Reviewing the Trial: Murder Defendant Found Not Guilty in 16 Y/O’s Death

After being held for two years, a murder defendant was found not guilty of the murder of a 16-year-old girl.

On Feb. 8, a jury found Saeve Evans not guilty of first-degree murder while armed, possession of a firearm during a crime of violence and obstruction of justice in connection to the death of Breyona McMillian on the 1200 block of I Street, SE in 2016.

However, Evans, 32, was found guilty of unlawful possession of a firearm with a prior conviction.

Throughout a nearly three week trial, the jury heard from several witnesses, including an eyewitness who was standing near McMillian when she was fatally shot.

According to the eyewitness, she was smoking marijuana with McMillian and Evans near the Potomac Gardens parking lot while waiting for a ride. The witness said that she heard multiple gunshots as she was walked to her friend’s car. She said she didn’t see anyone shooting and doesn’t know what direction the bullets came from because she was ducking.

When the shooting ended, the witness said she confronted Evans, who had a micro uzi pistol, and asked if he’d shot McMillian. His response was, “No. They did,” referring to a group of people in a black Nissan that had entered the area.

According to the defense’s theory, Evans opened fire at the vehicle in self-defense after seeing movement in the car. The defense said a shooter in the vehicle shot McMillian.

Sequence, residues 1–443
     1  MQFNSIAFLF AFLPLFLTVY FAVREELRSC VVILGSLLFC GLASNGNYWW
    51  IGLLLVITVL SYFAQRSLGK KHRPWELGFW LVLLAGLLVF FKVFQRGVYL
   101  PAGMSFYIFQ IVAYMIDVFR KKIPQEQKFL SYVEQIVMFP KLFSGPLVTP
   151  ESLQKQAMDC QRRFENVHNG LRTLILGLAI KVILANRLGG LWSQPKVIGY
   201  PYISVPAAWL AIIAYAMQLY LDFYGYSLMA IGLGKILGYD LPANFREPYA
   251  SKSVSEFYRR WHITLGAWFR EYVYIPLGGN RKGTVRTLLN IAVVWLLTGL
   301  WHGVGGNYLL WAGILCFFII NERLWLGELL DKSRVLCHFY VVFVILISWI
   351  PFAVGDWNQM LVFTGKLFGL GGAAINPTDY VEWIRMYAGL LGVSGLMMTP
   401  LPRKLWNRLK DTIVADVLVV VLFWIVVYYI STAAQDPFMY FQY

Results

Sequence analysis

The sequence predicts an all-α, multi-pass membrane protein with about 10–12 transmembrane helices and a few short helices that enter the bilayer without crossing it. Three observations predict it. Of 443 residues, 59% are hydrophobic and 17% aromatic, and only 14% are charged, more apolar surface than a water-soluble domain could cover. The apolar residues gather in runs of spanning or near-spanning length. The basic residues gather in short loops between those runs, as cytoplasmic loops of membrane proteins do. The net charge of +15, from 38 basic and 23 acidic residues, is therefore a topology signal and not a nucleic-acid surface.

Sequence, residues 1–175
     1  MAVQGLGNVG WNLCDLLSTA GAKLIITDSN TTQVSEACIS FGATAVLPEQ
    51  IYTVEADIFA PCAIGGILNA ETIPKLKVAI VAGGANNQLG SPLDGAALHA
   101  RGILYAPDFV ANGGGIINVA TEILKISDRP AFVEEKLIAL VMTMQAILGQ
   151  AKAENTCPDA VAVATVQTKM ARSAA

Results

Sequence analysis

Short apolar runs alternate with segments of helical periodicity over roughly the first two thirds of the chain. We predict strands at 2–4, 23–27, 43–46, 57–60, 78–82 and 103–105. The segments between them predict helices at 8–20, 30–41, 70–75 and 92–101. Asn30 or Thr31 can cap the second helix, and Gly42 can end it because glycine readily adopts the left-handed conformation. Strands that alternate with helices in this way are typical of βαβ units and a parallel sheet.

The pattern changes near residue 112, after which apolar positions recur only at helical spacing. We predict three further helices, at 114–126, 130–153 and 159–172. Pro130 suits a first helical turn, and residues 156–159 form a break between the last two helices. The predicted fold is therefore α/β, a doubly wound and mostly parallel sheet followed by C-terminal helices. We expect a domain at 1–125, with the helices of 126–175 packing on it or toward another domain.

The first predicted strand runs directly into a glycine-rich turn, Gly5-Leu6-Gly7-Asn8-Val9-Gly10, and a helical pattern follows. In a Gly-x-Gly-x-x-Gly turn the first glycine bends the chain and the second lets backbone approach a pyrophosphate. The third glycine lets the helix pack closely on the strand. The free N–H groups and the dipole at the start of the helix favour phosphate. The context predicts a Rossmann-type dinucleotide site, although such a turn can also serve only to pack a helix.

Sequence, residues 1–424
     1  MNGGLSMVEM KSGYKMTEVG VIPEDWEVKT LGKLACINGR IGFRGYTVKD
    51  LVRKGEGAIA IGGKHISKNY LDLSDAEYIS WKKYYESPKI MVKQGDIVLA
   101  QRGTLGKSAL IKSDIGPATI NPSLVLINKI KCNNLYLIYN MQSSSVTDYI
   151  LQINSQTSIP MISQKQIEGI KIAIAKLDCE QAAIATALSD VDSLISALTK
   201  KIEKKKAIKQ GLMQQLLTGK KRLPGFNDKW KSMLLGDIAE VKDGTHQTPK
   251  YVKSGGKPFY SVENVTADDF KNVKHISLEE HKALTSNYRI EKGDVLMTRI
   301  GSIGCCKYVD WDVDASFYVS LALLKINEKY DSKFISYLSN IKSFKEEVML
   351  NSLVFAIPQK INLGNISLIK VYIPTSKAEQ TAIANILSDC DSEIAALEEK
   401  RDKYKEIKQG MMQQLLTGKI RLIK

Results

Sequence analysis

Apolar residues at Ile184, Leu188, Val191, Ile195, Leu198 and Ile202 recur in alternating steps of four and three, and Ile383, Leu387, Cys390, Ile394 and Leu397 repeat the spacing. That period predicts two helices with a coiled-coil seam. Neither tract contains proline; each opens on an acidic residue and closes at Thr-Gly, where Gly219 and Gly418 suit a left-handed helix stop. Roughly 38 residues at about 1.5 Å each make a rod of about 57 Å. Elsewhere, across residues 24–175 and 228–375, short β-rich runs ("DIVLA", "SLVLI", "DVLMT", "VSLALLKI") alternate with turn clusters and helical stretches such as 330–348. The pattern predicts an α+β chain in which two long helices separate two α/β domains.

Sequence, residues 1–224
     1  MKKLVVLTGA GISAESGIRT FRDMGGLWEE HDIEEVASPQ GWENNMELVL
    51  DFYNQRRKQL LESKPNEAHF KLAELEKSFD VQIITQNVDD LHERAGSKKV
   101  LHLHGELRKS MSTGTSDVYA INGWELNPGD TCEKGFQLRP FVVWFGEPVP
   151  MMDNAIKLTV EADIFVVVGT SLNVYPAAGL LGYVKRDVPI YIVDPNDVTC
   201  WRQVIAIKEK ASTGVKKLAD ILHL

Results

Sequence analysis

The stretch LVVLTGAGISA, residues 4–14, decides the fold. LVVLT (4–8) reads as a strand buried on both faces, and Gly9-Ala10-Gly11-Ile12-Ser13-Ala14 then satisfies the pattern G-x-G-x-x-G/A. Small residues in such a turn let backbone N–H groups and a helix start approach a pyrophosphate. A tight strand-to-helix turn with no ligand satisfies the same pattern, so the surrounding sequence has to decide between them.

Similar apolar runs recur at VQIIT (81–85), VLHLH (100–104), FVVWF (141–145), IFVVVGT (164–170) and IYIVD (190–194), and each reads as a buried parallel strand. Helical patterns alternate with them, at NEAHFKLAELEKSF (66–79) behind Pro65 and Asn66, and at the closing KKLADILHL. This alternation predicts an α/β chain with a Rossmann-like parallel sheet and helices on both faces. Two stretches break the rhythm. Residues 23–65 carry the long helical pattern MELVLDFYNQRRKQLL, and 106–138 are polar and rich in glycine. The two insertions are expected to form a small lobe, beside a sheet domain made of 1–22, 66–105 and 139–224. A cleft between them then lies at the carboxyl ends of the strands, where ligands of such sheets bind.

According to the defense, the shooter in the vehicle was Sean Shuler, also known as “Black Sean.” Apparently, Evans and Shuler, 26, had a longstanding feud. Defense attorney James King said Shuler was convicted of shooting Evans at least sixteen times in 2012.

Shuler was killed on Jan. 26, the weekend before the prosecution wanted him to testify.  

However, the prosecution argued that Evans was the only shooter and that he opened fire out of paranoia. “He was shooting at ghosts,” the prosecutor told the jury.

Apparently, another witness told the jury that Shuler was with him during the time of the murder.

An expert witness also analyzed Shuler’s cellphone records, saying Shuler’s phone was not in the area at the time of the shooting. Even so, the expert noted that cell phone records only show the location of a phone, not a person.

Another expert witness said there was no evidence that a weapon was fired from the vehicle. The car was not tested for gunshot residue.

A ballistics expert noted that there were 16 shell casings found near the scene, which could have indicated that there was more than one shooter. Apparently, some of the shell casings were fired from the same gun, but it’s unclear whether the remaining casings were shot from another gun.

Evans is scheduled to be sentenced for the gun charge on May 3. He is still being held without bond.

Read more about Evans’ trial here.